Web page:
The value of heart rate adjustment of exercise-induced ST-segment depression for predicting death from coronary artery disease was evaluated during a seven-year follow-up of 5,940 men randomized to the usual-care group of the Multiple Risk Factor Intervention Trial. A positive ST-segment/heart rate index of 1.60 μV/beats per minute or higher identified a group of men at significantly increased risk for death and remained a strong independent predictor of death even after multivariate adjustment for age, diastolic blood pressure, serum cholesterol level, and tobacco use. In contrast, an abnormal exercise electrocardiographic result determined by standard criteria was not predictive of cardiac death. The findings of this study support the use of heart rate adjustment of ST-segment depression for stratifying the risk of death from coronary artery disease for asymptomatic high-risk persons.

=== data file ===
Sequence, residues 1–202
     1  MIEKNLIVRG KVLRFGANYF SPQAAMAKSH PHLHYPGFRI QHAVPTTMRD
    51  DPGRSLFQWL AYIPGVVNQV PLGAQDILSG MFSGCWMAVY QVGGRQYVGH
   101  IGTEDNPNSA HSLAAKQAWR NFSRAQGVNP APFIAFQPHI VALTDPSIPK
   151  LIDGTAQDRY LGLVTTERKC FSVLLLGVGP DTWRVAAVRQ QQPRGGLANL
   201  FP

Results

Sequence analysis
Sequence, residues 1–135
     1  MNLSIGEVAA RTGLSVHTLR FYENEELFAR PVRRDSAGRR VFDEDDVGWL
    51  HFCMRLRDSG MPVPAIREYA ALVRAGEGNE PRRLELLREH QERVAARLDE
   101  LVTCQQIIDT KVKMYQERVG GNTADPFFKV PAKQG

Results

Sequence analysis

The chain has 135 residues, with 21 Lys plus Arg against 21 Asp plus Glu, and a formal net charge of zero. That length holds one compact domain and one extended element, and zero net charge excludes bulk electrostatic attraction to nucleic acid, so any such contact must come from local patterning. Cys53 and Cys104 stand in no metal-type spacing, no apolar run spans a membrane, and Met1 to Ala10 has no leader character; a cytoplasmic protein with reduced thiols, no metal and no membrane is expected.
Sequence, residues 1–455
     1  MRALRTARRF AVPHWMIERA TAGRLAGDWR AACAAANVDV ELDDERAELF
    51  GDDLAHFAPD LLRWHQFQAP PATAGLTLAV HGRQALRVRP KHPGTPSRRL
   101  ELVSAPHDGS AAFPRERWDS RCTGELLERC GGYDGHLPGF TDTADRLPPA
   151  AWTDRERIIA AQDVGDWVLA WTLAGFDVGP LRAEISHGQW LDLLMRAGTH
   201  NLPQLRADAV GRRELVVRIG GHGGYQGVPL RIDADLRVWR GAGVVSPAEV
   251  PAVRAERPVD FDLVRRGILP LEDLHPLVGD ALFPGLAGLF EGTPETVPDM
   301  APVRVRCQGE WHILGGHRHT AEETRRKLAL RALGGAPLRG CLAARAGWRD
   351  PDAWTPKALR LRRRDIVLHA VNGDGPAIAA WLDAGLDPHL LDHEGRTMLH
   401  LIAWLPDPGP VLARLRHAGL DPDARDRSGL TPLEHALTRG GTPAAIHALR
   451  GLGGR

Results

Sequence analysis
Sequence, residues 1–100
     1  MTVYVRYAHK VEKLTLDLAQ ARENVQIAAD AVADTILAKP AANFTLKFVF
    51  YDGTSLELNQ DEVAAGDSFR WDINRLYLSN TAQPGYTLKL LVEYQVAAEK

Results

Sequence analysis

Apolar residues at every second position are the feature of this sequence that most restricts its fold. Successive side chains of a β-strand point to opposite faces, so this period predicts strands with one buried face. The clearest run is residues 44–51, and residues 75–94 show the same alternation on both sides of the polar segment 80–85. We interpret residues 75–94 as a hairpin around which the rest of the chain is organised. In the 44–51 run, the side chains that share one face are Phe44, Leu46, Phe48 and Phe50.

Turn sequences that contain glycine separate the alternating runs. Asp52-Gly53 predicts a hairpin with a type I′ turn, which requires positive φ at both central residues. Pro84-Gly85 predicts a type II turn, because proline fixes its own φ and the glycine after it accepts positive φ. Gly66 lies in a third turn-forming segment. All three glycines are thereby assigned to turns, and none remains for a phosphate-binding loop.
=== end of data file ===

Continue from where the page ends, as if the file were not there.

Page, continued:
|Original language||English (US)|
|Number of pages||4|
|State||Published - Dec 1 1996|